Figure 7. Microscopic examination following hematoxylin-eosin staining (a. x10, c. x200) and L26 immunostaining (b. x10, d. x200). The tumor showed central necrosis and L26-positive proliferating follicles in the peripheral region.

 

DISCUSSION

The present report describes a unique case of PPL. The tumor was located in the head of the pancreas, was a peri-pancreatic lesion as indicated by the lymphadenopathy, was compatible with all the criteria of Behrns, and was hence diagnosed as PPL [8]. Most reported cases of PPL in the English-language literature are intermediate or high-grade non-Hodgkin lymphomas (NHL) with diffuse large cells of the B type [6]. Follicular lymphomas are quite rare in the pancreas and gastrointestinal tract. Shia et al. reported 26 cases of primary follicular lymphoma of the gastrointestinal tract, none of which involved the pancreas [13]. Misdraji et al. [14] reported a case of follicular lymphoma of the papilla of Vater, and Salvatore et al. [5] summarized three cases of follicular lymphoma of the pancreas out of 60 cases in the literature.

In the present case, the tumor showed unique findings according to CT and MRI. Saif summarized PPL imaging findings and concluded that neither calcifications nor necrosis within the tumor mass had been described in any case of untreated PPL [6]. However, the present tumor showed diffuse central necrosis, which explained the unique CT and MRI findings. No particular findings of follicular lymphoma have been reported in the literature. Central necrosis is possibly linked to the rare histoloic findings. The 3D multi-cholangiography image provided the information necessary for the laparotomy in the present case. A safe and successful laparotomy procedure requires knowledge of the precise location of the tumor and any interactions with vessels and adjacent organs. The present method provided such information, and we believe it is applicable to all pancreatic tumors including pancreatic cancers and neoplasm of any etiology.

The initial treatment of a PPL depends on the method by which the diagnosis is made. If the diagnosis is made using a relatively mild invasive technique, chemotherapy and/or radiation is initiated soon after diagnosis. Recently, fine needle aspiration or biopsy has become the "gold standard" for PPL diagnosis as it is highly accurate [6, 9]. Recent reports recommend US- and CT-guided biopsy as the first choice diagnostic tool for PPL [9, 15, 16, 17, 18]. The present patient underwent a laparotomy mainly because the unique CT and MRI findings did not indicate a PPL. Even if a tumor is located deep within the head of the pancreas, it is worthwhile attempting enucleation for benign and low-grade malignant pancreatic tumors. Since such tumors usually display expansive growth and low interaction with the pancreatic parenchyma, careful observation and resection can avoid bleeding and leakage of pancreatic juice during enucleation. Enucleation can also be applied to other types of pancreatic tumors, such as solid, pseudopapillary, neurogenic and endocrine tumors.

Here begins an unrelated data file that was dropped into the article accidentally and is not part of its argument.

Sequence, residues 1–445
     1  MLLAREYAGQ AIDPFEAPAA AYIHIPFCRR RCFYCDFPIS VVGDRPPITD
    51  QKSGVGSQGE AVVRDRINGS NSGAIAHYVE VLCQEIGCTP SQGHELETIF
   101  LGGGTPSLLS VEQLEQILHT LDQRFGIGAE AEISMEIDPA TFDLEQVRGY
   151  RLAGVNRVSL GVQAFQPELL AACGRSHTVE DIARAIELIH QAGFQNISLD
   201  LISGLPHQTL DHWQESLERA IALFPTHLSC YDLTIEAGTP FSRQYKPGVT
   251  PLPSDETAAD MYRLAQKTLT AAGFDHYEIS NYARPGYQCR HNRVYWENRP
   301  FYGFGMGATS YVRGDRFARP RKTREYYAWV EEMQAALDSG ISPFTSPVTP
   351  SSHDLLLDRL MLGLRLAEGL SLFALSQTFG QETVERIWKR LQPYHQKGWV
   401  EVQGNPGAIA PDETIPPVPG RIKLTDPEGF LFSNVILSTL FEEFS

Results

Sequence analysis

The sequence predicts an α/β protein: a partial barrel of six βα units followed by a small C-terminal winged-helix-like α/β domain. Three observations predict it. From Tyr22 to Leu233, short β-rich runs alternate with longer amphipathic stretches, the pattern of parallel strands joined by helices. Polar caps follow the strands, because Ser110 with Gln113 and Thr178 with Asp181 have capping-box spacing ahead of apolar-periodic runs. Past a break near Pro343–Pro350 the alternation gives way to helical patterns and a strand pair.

There has been considerable variation in the reporting of lymphomas involving the pancreas. The expression "pancreatic lymphoma" has been used for both primary lymphoid neoplasms originating in the pancreatic parenchyma and for tumors invading from peri-pancreatic lymphadenopathies [5]. The present case belongs to the latter category. These subtypes display different image findings and different clinical characteristics. In the future, PPL should be discussed separately depending on the subtype.

In conclusion, the present report describes a rare follicular lymphoma of the pancreas. Multi-cholangiography and virtual duodenography provided the information necessary for a laparotomy. Enucleation is indicated for benign and low-grade malignant tumors of the pancreas, even if the tumor is located in the head of the pancreas.

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Received August 16th, 2006 - Accepted November 11th, 2006

Keywords Lymphoma, Follicular; Pancreatic Diseases

Abbreviations BCL2: B-cell CLL/lymphoma 2 [Homo sapiens]; MD-CT: multi-detector raw computed tomography; PPL: primary pancreatic lymphoma

Correspondence
Naohiro Sata
3311-1 Yakushiji Shimotsuke
Tochigi, 329-0498
Japan
Phone: +81-285.58.7371
Fax: +81-285.44.3234
E-mail: sata@jichi.ac.jp